On the whole, Georgians are very good at assimilating in a new culture. Preserving their national traditions in a metropolis is no mean feat. In this, they are greatly helped by their native tongue. All members of the Bogatelia family speak Georgian; this is the language they speak at home. In some respects, Georgian is not a very hard language to learn, with just three tenses, but verbs have different conjugation forms depending on where the speaker is in relation to the object (for example, there are six to seven grammatical forms of saying "he closed the door"). 

"Indeed, we do adapt quickly,” agrees Eka. “So we have to take particular care to preserve our language and traditions. I watch TV programs in Georgian on YouTube. The children have Georgian lessons with a private teacher, sing Georgian songs and dance Georgian dances. And, of course, every summer they visit their grandmother in Georgia." 

“Whereas Russians have far more in common with Georgians than with other people from the Caucasus: We share our religion, history, a border.” She adds that since the Russo-Georgian conflict in 2008, peoples' attitudes have been largely defined by politics. “Many people, after watching all that was said on TV, think us almost enemies. And it does not matter to them that we have lived here for a long time, that we are good people." 

Georgian immigrants were deported from Russia straight away. Those who could find a job or set up a business back in Georgia returned there of their own accord. Families were leaving en masse. 

At the height of the war of 2008, Russia and Georgia severed their diplomatic relations and introduced a visa regime. Russia still applies certain visa restrictions to Georgians; a simplified procedure is open only to close relatives. Back then, six years ago, Russia and Georgia canceled air travel between the two countries. To get to her native country from Moscow, Eka Bogatelia had to fly via Azerbaijan, Armenia, Belarus, even via European countries. 

After those events, the Georgian diaspora in Moscow decreased significantly in size. Illegal

"My Georgian friends in Moscow were telling me stories of how someone had been sacked, someone had been detained, someone had had problems because of their Georgian surname. Those are real stories. My nephew, who has a Georgian surname, was bullied at school… although they did not get very far with him, as he is quite capable of standing his ground," Eka says. 

Georgians themselves say that they can spend years without seeing their relatives even if they live in the same city. And yet they feel that they belong together, that they are a family: "Usually, Georgians move not in big clans but in smaller families: a husband, a wife and their children,” says Eka. “In that respect, we are not very united. Georgians, as a rule, do not take their uncles, aunts, sisters or brothers with them. This is the weakness of our diaspora, as other nations are more united."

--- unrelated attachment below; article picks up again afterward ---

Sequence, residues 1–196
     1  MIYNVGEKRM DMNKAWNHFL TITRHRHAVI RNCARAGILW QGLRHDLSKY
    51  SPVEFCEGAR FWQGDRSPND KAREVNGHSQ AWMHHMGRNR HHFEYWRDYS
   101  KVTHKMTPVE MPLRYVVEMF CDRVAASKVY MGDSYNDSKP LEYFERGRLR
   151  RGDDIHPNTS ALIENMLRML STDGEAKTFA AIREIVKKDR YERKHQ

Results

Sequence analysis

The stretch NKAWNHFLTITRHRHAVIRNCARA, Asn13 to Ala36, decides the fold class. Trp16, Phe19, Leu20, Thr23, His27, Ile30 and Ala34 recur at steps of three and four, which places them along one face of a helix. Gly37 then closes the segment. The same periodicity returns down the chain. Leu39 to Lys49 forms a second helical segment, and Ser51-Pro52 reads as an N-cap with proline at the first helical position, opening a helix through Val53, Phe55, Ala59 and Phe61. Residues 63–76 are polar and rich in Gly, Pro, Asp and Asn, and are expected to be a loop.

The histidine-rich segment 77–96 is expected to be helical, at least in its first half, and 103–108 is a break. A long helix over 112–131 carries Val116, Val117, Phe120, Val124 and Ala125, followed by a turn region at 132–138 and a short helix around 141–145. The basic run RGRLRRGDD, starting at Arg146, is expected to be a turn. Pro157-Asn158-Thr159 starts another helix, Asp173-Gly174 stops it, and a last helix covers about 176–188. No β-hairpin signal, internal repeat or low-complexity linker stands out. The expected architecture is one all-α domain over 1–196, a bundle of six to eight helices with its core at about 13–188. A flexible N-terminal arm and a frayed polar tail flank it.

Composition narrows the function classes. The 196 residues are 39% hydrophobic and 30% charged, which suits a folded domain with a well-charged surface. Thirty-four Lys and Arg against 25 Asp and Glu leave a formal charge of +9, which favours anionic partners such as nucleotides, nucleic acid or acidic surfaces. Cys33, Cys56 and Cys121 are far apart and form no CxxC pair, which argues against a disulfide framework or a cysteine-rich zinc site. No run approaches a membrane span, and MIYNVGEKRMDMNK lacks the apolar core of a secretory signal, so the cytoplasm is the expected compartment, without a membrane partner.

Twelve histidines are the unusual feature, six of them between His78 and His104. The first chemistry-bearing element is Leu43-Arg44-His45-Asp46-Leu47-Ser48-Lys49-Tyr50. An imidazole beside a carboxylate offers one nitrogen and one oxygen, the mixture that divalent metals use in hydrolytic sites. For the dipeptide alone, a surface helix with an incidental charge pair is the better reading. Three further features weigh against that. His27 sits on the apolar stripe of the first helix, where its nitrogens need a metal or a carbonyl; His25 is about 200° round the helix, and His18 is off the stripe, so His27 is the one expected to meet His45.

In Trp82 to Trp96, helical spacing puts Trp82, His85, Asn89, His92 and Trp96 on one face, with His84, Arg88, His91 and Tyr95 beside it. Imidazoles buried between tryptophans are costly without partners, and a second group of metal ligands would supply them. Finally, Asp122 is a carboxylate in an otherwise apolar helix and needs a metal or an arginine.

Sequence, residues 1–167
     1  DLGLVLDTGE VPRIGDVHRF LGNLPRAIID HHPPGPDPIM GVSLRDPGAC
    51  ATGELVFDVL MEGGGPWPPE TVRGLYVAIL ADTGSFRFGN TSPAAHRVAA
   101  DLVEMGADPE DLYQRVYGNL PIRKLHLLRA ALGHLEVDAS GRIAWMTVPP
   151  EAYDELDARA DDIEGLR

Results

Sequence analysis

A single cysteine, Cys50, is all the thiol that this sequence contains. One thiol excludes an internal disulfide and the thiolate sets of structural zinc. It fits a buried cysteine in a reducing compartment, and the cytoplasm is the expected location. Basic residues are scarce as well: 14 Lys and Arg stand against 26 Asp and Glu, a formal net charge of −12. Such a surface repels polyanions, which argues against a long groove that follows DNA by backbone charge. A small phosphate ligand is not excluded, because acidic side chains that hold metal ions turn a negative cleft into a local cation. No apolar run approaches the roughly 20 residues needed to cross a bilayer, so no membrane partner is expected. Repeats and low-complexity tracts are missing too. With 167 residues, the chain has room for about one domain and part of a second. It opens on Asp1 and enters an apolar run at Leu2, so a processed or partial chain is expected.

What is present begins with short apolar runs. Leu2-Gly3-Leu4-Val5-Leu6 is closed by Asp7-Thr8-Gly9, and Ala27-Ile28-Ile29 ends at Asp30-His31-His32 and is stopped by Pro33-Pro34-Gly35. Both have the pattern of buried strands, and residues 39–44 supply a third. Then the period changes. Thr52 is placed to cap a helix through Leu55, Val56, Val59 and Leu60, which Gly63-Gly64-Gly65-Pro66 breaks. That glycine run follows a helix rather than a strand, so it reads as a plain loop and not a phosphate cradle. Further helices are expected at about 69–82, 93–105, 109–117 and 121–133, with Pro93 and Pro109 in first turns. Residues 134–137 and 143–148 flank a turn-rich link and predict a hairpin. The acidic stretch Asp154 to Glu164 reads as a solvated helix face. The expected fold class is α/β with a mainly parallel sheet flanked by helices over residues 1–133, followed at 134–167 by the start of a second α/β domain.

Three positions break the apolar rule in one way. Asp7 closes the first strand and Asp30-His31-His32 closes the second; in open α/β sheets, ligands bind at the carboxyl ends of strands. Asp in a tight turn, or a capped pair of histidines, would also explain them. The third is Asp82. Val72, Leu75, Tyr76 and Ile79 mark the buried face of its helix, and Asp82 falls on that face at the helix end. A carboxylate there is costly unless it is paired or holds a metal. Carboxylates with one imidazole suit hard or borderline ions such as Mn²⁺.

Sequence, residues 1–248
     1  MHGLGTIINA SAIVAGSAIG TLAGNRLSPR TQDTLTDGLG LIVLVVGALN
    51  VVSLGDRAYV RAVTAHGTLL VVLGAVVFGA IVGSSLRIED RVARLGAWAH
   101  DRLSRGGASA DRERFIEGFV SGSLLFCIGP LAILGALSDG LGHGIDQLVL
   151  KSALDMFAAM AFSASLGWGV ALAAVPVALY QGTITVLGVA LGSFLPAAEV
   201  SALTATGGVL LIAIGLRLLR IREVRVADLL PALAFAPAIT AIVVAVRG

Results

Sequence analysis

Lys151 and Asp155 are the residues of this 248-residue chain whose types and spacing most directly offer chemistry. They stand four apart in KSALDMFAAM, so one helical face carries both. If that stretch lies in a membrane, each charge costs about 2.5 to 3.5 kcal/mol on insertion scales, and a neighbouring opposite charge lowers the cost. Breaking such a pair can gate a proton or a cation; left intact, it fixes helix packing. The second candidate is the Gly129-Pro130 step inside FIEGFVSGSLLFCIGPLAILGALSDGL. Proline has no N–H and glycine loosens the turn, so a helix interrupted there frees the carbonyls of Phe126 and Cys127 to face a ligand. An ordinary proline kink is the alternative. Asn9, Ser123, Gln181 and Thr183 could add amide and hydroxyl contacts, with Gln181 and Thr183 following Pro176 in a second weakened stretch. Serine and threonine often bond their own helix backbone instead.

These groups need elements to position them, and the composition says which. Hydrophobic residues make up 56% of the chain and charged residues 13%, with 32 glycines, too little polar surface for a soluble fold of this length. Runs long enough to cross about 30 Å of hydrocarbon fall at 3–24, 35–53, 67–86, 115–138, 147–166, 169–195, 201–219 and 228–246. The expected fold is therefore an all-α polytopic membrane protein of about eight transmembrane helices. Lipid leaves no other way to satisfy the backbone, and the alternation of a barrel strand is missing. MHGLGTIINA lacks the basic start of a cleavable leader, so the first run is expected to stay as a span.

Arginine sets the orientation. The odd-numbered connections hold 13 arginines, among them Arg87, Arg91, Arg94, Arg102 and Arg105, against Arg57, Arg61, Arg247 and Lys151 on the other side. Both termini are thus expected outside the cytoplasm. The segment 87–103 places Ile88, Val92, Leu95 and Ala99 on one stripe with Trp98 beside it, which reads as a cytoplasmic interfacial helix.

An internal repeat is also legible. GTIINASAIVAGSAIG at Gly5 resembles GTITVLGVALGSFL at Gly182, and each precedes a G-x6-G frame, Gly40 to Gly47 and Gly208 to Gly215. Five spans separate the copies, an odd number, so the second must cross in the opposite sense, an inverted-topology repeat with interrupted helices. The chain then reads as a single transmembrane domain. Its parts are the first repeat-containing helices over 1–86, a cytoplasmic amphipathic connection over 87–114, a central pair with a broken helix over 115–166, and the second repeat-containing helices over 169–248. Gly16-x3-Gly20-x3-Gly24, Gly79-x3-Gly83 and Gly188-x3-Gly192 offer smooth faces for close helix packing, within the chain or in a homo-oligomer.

Still, the Bogatelias are very much family-minded people. They remember all their numerous brothers, sisters, cousins, grandparents, in-laws, aunts and uncles by name. They keep in touch with even those of their relatives who have emigrated to France: Their weekly Skype sessions are strictly observed. 

When their Georgian relatives and friends gather together in the old house in Tsvetnoi Boulevard, the atmosphere is that of a small Georgia: Children in folk costumes sing the Georgian anthem, while grown-ups lay the tables with traditional Georgian dishes and drinks. The festive mood is palpable.

Many Georgians say they would observe their traditions, especially those to do with festive meals, even were they to move to the North Pole. That is perhaps because it is during these meals that the whole family gathers together and people feel the links between generations. It is as if these tables were laid not in a Moscow apartment but in the garden of a country house on the outskirts of Tbilisi, under grapevines.

The dishes are all traditional: khinkali (steamed meat dumplings)khachapuri (cheese bread), lobio (beans with spices), satsivi (a paste made from chicken and walnuts). The wine and mineral water are all Georgian. There is so much food that it does not fit on one table. Immediately, another table is laid, with vegetables and polenta. Children eat at a separate table, as prescribed by tradition.  
 Another tradition has to do with toasts. Georgians are past masters when it comes to toast-making. What the first glass should be raised to is a never-ending cause of controversy. Many of the older generation, those who grew up in the USSR, drink to Lenin. Their children drink to God, thanking him for their food and family. Georgians traditionally drink to peace and to the tamada (the toastmaster). A guest's refusal to finish a glass inevitably provokes the hosts into clamorous indignation, in which they remind one of characters in a musical comedy.   
Story: Ksenia Isaeva, Elena Potapova
Photo and video: Pavel Gazdyuk 
Produced by Russia Beyond the Headlines in 2014